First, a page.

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On Sharing History

There is nothing more dreaded, other than perhaps a root canal or a tax audit, than a history class. My beloved friend and repeat customer, Dalia (I know she won’t mind my outing her), groaned about the lengthy lectures on our Spanish Missions tour two years ago. So, I’ll cut back on them, a little. But to give them up altogether? No way José! What could be more fun than learning all the juicy stories about famous and not so famous people?

In the case of our upcoming Copper Canyon to Cabo tour, how about those British engineers who had to build that incredible railway down into the Canyon? Lean out the window of the train, with the wind whipping against you, and look down thousands of feet at the spiderweb of steel that is holding up the rickety tracks. Think about the fright and frustration of having to clamber up to put that girder in place. Or the debatable justice of Porfirio Diaz encouraging foreigners to come in and strip the copper out of the mines or the oil from the wells. What would you have done?

And why is the Sea of Cortes named for him? After years of teaching Latin American History, I had never looked at Cortes beyond the Conquest. I knew he had been given the state of Oaxaca as his fiefdom, and that his sons inherited, but then what happened? What was the rest of the story? Turns out he came up to Baja California, founded the town of La Paz (where we’ll get to explore much as he did), and helped found the Dominican missions. Who knew? That’s the wonderful thing about history. There is always more to learn.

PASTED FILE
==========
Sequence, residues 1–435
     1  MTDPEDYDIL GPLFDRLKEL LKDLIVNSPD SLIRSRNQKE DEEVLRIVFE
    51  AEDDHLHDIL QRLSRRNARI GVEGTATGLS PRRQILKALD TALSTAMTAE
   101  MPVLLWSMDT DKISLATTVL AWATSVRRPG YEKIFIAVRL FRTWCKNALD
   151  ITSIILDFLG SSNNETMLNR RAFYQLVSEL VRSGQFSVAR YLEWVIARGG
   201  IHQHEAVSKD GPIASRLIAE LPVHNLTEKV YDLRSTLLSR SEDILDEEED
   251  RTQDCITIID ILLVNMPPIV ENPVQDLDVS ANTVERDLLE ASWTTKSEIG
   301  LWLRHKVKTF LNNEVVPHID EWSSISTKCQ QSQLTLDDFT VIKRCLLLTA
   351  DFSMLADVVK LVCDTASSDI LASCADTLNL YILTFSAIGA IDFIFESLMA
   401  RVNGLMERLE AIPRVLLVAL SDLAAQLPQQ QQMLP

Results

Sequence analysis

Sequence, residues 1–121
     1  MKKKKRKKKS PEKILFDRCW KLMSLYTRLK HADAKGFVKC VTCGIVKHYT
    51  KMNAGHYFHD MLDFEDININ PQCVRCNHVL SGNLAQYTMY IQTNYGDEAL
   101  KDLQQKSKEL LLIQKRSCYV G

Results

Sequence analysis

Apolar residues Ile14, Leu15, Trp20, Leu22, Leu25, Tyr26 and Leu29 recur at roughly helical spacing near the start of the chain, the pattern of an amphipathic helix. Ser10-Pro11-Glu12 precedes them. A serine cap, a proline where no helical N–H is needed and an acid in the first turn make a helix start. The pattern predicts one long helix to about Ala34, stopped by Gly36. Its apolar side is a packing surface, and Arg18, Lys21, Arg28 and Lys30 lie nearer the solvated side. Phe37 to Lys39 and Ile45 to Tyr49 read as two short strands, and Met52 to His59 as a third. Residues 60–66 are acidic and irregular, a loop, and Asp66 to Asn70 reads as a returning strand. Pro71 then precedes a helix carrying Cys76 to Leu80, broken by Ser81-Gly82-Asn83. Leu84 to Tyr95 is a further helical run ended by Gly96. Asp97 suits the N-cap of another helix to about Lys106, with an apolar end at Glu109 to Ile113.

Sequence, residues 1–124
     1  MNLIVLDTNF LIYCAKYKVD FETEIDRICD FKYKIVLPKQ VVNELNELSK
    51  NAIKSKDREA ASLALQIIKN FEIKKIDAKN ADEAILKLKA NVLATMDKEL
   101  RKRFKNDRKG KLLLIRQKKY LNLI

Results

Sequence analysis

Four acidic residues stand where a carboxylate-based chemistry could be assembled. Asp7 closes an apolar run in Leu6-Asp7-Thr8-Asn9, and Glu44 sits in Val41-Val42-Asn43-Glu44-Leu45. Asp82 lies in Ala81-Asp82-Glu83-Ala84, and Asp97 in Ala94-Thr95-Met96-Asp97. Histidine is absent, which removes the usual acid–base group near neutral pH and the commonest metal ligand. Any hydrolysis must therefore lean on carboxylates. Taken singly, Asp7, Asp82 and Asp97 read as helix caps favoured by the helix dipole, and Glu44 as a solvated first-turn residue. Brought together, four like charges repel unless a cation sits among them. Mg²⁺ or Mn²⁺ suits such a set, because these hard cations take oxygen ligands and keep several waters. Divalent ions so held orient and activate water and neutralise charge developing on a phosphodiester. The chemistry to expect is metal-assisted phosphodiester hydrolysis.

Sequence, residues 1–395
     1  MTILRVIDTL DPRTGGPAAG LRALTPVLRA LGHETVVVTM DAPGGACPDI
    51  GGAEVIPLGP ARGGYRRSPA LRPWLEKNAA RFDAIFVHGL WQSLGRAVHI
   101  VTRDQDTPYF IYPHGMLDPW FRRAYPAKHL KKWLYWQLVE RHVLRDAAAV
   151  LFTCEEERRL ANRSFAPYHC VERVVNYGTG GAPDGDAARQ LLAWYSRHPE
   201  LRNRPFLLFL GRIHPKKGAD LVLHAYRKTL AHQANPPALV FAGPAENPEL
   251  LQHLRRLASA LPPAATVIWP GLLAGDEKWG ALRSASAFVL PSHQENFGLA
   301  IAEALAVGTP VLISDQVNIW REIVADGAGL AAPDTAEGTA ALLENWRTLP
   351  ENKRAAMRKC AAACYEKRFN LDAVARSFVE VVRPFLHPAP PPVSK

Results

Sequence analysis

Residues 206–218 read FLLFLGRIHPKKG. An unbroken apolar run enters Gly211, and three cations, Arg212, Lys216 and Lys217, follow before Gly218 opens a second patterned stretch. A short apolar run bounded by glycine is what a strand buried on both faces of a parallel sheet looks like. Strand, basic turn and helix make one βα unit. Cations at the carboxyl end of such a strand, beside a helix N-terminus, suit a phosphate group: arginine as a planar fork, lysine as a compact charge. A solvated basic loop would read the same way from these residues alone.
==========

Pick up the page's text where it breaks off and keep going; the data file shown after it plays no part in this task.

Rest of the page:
In just a bit, I am headed to Sunday School class where, this time, I am not pontificating. It’s up to Kermit (no, not the frog) to tell us about Elijah and Elisha. But next week, look out! It’s back to dividing up the class into Israelites, Gentiles and Romans and letting them battle it out over what to do about Jesus.

That, to me, is the whole point of history. Not so much what would Jesus do, but what would YOU have done given your personality in a given historical situation? I put my Road Scholar classes in San Antonio in the same dilemma. I’ll be with them in the glorious Drury Hotel on Monday and Tuesday. What would they have done faced with a possible revolt in their own community in 1810 when Father Hidalgo leads the revolt in Mexico City?

And if you were granted nearly 5,000 acres of land, your own League and Labor, to settle by the Mexican government, would you have joined the Anglo rebels to fight against Santa Anna? Interesting to learn that, according to my professor Dr. Paul Lack, 90% of the Texian Army were NOT native Texans. They were outsiders from the United States hoping to gain those huge land grants. And the native Texans only wanted to keep theirs by keeping their heads down and their mouths shut!

So, my beloved Dalia, yes, we will be steeped in history for the duration of the tour. After all, what good would a Historical Tour be without the history? And it will be fascinating and fun, I promise!